Help me Ronda!

There’s a Beach Boys song you may remember from the 1960’s (assuming you’re as ‘experienced’ as me) called “Help me Rhonda” and this has become our theme song for this particular day trip to … you guessed it … Ronda. Not just because of the name but also because of the lyrics that go ” Help me Rhonda, yeah, get her out of my heart”. That’s right, sing along if you know the words šŸ™‚ .These lyrics apply directly to the bus trip itself and the … hmmmm … tour guide.

Google had reliably informed us that the medieval hilltop town of Ronda was about 90 minutes from Malaga by car so we were a little surprised that we were told to be at the assembly point at 7.10 am, an hour unseen by most sensible Spaniards.

As we trundled through the deserted streets just after dawn to meet up with our surprisingly small group of fellow adventurers, we hungrily planned breakfast at our destination. Oh, how foolishly deluded we were!

The bus duly arrived shortly after the appointed time and a very grumpy, elderly man hurried us on board. It then proceeded to stop at every cheek by jowl holiday resort along the Costa del Sol from Torremolinos to Marbella collecting more and more gullible participants along the way. All the while, the grumpy old man, who had finally introduced himself as Paco our tour guide, tried to convince us at regular intervals and in four different languages that we were in fact lucky, as there were usually many more pickups. The one thing I have learned from bitter experience is that the harder someone tries to convince you something is so, the less likely it is to be the truth!

Finally, four hours after our departure from Malaga, we finally arrived in Ronda and traipsed slowly around the streets behind our slow moving guide who seemed bent on wasting as much time as possible.

Puerte Nuevo
Puerte Nuevo

We followed him across the magnificent Puente Nuevo, the very impressive so-called ‘new’ bridge that was completed in 1793 after 40 years of construction and on to the historic centre of the old town for a scheduled wine tasting that proved to be a lifesaver … wine on tap … as much as you wanted in the time allowed. Blissful and amazingly heady on an extremely empty stomach!!!!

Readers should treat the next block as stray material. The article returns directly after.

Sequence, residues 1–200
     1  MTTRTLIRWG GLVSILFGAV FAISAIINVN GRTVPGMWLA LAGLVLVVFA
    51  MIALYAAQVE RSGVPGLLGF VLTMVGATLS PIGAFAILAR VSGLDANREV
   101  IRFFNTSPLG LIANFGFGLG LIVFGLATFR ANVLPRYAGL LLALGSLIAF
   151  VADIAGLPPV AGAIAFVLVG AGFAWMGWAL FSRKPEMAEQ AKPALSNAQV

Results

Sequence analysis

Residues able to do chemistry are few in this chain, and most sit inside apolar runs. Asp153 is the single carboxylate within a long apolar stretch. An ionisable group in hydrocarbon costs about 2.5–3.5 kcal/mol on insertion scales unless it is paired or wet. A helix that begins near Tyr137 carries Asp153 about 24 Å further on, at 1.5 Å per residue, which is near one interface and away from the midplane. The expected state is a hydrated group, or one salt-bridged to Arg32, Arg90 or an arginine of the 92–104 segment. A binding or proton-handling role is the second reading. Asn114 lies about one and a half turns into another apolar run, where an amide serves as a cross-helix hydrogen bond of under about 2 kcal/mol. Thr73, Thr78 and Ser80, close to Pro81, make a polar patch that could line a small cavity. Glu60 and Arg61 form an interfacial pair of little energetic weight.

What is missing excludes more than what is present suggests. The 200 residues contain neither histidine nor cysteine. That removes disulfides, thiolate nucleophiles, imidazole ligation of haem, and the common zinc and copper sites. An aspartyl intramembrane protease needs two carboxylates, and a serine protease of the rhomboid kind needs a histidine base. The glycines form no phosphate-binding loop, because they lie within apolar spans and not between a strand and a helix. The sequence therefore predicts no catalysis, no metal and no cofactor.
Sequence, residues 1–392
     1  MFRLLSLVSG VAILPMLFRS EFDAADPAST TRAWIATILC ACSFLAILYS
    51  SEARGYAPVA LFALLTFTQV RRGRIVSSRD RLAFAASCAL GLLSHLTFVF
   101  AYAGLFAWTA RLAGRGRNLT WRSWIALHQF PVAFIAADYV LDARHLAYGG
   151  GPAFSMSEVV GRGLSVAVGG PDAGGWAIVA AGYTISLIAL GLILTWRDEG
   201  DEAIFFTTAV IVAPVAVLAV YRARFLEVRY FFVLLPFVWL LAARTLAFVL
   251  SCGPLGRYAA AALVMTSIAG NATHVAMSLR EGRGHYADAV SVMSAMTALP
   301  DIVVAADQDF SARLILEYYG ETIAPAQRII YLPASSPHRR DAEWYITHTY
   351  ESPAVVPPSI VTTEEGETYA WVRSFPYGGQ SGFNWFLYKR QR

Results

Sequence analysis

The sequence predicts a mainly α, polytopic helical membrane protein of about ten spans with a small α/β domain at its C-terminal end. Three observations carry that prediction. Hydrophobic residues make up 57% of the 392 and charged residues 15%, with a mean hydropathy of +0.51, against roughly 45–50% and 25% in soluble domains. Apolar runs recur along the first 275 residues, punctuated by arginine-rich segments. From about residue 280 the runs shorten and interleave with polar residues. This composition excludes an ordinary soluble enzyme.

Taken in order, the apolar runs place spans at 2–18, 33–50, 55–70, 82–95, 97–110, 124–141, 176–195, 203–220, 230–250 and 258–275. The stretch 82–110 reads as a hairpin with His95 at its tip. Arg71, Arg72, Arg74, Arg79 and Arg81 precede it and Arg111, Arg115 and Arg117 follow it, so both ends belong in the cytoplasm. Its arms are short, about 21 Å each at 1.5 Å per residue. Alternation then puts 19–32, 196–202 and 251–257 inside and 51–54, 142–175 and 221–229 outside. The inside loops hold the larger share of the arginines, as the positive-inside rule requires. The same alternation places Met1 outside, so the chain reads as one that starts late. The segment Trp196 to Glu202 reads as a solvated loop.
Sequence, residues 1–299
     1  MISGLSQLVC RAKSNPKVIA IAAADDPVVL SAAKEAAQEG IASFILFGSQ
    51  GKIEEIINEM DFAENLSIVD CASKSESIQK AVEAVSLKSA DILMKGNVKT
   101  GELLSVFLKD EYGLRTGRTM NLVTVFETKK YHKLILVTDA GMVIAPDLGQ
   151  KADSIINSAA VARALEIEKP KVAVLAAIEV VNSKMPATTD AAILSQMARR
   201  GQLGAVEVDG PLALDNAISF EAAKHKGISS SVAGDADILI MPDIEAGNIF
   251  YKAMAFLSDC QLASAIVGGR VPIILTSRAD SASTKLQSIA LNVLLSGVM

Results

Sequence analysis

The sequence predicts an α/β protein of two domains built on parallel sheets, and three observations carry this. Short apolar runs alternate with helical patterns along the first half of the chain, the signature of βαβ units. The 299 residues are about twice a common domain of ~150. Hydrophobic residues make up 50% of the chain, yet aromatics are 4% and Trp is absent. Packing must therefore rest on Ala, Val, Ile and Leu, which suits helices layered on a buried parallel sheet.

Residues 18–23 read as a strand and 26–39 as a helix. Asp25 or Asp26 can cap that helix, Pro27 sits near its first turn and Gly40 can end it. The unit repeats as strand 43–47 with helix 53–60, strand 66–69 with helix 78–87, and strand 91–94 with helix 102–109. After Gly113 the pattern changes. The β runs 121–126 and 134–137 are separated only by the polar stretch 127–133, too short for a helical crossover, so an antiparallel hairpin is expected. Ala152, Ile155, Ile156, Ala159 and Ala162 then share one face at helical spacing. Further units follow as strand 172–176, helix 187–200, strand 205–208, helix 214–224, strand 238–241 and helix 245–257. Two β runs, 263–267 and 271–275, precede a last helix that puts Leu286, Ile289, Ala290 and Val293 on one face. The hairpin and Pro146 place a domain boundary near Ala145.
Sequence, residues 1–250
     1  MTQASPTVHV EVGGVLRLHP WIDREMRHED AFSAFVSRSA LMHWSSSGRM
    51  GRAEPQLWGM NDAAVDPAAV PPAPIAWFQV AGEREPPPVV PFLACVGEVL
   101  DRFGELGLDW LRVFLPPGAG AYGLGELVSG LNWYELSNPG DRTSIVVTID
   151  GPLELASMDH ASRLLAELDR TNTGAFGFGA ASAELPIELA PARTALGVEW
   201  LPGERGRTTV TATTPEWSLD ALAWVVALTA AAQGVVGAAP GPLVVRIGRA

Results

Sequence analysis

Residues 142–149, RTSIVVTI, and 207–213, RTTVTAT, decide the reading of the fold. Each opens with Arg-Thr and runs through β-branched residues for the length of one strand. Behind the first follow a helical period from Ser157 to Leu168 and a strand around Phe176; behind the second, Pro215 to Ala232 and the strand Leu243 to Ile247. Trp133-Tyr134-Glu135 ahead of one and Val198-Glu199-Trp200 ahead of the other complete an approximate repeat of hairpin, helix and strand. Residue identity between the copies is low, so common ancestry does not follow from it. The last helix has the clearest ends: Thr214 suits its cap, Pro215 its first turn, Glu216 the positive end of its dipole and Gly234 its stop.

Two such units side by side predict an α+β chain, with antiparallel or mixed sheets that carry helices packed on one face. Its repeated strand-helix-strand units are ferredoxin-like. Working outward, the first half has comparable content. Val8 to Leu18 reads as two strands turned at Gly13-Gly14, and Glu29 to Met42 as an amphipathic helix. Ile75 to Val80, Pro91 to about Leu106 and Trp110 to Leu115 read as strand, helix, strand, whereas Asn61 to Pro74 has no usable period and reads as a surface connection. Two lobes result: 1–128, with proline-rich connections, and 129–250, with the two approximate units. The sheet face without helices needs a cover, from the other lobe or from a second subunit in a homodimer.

Wine on tap!!!
Wine on tap!!!

After a quick visit to the oldest bullring in Spain, we were given a couple of hours to have a delicious mixed tapas lunch and explore alone.

The oldest bullring in Spain
The oldest bullring in Spain

Then it was onto the bus again for the return journey which fortunately only took three and a half hours. Apparently, people disembark from buses more quickly than they get on them. The final nail in the coffin for this particular tour was when the bus driver stopped along the route and the tour guide speedily left the bus, presumably to go home, without a goodbye or even a backward glance and let the remaining passengers to the mercies of the fortunately excellent bus driver. It was a truly bizarre experience.

Ronda is a wonderful medieval village and is well worth a visit, but from my experience, take care not to book a trip through Julia Travels! It may have created a memory we will dine out on for years, but not for the right reasons.

 

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5 Comments Add yours

  1. Suzanne says:

    The more read the more I envy you. I have always wanted to visit Barcelona. Hope it is one of your stop overs.

    1. Hi Suzanne. Yes we are! We’re off tomorrow to Valencia for 3 nights and then Barcelona for 5 nights. I’m a bit behind on my blogging but keep reading and I promise lots of pics when we’re there. Love to you both. Xxxx

  2. Emma says:

    Ohhh dear, hopefully the ‘wine on tap’ at least dulled the pain. The bridge looks incredible I have to say. You do look remarkably sober ha ha. Keep the blogs coming.

  3. The coach tour didn’t sound great. We just took the train from Malaga and arrived with ease, inexpensive and a comfortable train. Sadly, we didn’t find the wine on tap though!!

  4. No, it wasn’t great. It sounds like you had the right idea using the train. The wine on tap was great though šŸ™‚

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